Three years ago, I met sculptor Silvio Viola while I was chatting with other stone carvers at an exhibition. After seeing a picture of my “Gymnast” sculpture that I usually have with me at all times, he invited me to participate in his symposium in Castelvecchio, Tuscany, Italy.
This year, Silvio organized another symposium, this time in nearby Vellano. It was held at Cava Nardini (‘cava’ is Italian for ‘quarry’). I knew Marco Nardini from my first symposium, since he supplied the pietra serena grayish sandstone that we carved. It was great working directly in the stone quarry. None of the neighbors complained of dust or noise and we had access to more tools and services than one can get easily off a work-site. And the daily views were wonderful up in the mountains.
We had a total of 9 artists participating although Vincenzo Crieco and Elisa Sordelli joined us after the publicity poster was printed. Other participating sculptors are Massimo Villani, Kumiko Suzuki, Roberto Politano, Mariano Guerrieri, Simone Azzurrini, Silvio, and me. You may remember Kumiko from several other newsletters. She and I have been friends since we met as madonnare (street painters) in Florence, Italy, back in 2009.
The symposium was held 4-14 July. I had been working on the above garden sculpture while I was thinking of a design for this symposium. The theme was Pinocchio’s story. This is natural, I suppose, since this valley called Valleriana is not far from Collodi, the village in Tuscany where the story of Pinocchio is based. Because of my never-healing knee injury and the short time frame, I came up with a design of Pinocchio riding the dove as a bas-relief, emerging from a large book. I was not actually sure if I would be able to stand long. The desired dimensions for my stone were sent to Silvio and Marco, while I continued to work on Rock Towers and Frogs.
However, when I arrived on Day 1 of the symposium and studied my stone, I found two cracks and asked Marco and his father Germano (who resurrected this quarry decades ago) to come have a look and let me know their thoughts about how deep it ran. We decided that my book idea would not work (unless much smaller, of course). So, I thought for a bit and decided to do a vertical sculpture of the same subject and started drawing on the stone. I really enjoy direct carving, but then, I have never learned the point-up system for copying a composition in clay (or other material) into stone.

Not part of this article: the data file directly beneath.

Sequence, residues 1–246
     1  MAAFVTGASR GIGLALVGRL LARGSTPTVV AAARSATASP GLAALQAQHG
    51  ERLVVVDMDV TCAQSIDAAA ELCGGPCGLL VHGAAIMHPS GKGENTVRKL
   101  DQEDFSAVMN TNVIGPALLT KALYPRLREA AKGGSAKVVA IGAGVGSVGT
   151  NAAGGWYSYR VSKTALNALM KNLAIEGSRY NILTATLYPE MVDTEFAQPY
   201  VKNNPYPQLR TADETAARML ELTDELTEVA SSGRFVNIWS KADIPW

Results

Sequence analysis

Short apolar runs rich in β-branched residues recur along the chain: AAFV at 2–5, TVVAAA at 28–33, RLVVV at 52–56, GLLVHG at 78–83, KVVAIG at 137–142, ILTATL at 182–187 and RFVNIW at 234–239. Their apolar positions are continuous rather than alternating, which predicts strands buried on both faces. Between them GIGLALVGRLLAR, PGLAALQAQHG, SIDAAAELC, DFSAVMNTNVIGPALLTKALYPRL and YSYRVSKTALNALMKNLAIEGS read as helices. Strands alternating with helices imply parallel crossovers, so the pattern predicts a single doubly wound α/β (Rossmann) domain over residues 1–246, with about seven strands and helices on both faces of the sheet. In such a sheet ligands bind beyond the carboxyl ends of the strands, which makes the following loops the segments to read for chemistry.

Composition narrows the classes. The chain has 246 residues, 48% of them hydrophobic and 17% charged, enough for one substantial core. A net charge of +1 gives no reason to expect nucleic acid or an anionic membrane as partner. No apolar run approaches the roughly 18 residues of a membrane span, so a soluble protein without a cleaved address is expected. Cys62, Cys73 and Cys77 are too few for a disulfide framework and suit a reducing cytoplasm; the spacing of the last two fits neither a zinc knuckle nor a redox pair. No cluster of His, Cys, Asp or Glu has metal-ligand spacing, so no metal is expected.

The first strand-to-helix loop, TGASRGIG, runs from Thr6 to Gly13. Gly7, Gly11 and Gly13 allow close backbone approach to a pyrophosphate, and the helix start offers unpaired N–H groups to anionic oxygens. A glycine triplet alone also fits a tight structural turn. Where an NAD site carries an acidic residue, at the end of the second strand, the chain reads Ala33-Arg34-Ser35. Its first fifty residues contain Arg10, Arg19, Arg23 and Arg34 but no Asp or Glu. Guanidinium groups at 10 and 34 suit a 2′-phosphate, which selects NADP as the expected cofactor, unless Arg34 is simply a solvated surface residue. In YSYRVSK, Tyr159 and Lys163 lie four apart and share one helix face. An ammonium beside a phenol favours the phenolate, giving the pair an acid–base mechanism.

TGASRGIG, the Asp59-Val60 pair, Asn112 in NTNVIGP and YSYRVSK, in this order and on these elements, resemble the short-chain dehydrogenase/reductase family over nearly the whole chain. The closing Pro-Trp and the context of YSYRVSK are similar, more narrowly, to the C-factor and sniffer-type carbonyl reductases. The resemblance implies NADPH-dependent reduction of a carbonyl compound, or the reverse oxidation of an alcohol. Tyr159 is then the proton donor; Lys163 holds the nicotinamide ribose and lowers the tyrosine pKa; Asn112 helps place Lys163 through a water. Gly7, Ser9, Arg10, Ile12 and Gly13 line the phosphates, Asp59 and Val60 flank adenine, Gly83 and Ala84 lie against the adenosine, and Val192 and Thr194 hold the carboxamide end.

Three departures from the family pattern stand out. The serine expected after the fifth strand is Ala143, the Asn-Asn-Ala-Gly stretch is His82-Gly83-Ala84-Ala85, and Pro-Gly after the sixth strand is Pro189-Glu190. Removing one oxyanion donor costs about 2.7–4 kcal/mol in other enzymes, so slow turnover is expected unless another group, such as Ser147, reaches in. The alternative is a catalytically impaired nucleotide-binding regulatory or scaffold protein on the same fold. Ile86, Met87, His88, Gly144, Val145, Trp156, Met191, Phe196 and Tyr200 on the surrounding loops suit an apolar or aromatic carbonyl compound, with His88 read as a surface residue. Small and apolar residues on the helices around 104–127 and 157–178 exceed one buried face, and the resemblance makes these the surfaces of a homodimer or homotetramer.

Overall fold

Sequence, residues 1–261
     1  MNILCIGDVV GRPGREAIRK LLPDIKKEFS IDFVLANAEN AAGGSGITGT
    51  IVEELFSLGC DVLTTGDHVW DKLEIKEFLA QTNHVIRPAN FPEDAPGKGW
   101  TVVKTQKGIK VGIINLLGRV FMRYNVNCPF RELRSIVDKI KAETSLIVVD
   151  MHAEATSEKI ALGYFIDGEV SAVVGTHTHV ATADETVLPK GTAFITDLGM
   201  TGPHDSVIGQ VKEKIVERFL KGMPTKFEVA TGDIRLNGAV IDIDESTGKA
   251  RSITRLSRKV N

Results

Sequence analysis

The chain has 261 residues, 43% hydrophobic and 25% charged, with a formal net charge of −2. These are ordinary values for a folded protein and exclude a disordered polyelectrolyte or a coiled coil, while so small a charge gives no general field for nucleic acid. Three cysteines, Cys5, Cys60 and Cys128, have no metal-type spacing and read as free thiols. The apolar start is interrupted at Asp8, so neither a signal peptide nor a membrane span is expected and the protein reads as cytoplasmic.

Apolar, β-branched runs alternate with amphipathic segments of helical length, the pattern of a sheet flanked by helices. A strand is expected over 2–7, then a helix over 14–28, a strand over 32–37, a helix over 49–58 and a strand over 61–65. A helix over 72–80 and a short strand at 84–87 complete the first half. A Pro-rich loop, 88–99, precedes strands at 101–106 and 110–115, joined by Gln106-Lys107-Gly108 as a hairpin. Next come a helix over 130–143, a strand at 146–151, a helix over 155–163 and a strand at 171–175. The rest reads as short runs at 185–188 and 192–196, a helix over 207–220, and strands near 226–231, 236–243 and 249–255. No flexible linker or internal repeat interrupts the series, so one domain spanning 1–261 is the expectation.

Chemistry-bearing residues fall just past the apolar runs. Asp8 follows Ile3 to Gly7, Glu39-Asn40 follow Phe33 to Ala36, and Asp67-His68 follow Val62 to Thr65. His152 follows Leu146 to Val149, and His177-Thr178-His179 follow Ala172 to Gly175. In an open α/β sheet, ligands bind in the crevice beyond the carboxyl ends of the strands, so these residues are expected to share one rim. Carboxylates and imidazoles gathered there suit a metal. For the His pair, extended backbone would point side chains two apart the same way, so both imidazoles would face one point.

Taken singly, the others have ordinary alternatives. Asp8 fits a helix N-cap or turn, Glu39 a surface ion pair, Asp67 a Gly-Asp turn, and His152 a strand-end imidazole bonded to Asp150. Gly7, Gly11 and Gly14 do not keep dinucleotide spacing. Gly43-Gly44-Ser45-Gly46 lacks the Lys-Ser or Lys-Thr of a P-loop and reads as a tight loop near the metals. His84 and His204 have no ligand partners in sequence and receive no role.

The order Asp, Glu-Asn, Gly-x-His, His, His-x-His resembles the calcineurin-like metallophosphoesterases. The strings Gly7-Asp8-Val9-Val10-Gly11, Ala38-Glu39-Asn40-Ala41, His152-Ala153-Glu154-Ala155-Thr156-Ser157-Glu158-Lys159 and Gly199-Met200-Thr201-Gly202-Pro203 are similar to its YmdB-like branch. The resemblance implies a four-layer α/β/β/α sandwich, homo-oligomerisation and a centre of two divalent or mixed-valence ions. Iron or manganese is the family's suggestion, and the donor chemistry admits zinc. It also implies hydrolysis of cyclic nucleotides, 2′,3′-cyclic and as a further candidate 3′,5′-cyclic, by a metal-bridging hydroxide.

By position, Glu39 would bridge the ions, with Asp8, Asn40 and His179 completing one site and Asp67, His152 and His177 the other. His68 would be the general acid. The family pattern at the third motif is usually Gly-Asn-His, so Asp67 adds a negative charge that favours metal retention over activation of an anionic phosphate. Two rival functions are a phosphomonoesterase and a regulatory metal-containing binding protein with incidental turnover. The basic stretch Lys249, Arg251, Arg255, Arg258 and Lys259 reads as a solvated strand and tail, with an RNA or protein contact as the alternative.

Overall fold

The cracks determined some basic things in the design, but you will also see in the photos below that I later found another as I began to shape the head of the bird. That was a bummer, but I was lucky that it was not worse. My design was too complicated for a 10-day event, but then I keep changing my mind a bit. For example, days into it, I decided to change from a high relief to a work in the round.
This was the first time I had assistance on my stone carvings. Giuliano is a local wall builder and has created many of the homes in the valley. He was around for the first half of the symposium. I would score what I wanted to cut off and then he would take hammer and chisel to remove stone for me. It allowed me to take a break to drink water or ice my knee or just stand in the shadows from a distance to evaluate my composition while material was being removed.
Marco may be the most generous carver I know when it comes to sharing tools. This was a huge help to me since so many of my stone-carving tools are still in Texas. And he has specialty tools I do not own at all anywhere, such as the diamond bit for coring holes in stone. As the larger chunks of stone fell away, there was less for others to do since I was shaping and making design decisions as I worked the stone myself. But then, I have always preferred to be a hands-on artist myself.
I hope that you enjoy scrolling through these images. The images of my final stone sculpture will be shared in the next newsletter.
Thank you for your continued interest in art and stone carving!
Sculturi in Cava: Pinocchio in Stone
~ Kelly Borsheim
The text in Italian says, "There once was a piece of wood . . . "
Stone Sculpture [Detail] By Mariano Guerrieri
Beautiful Vellano, Italy, in Tuscany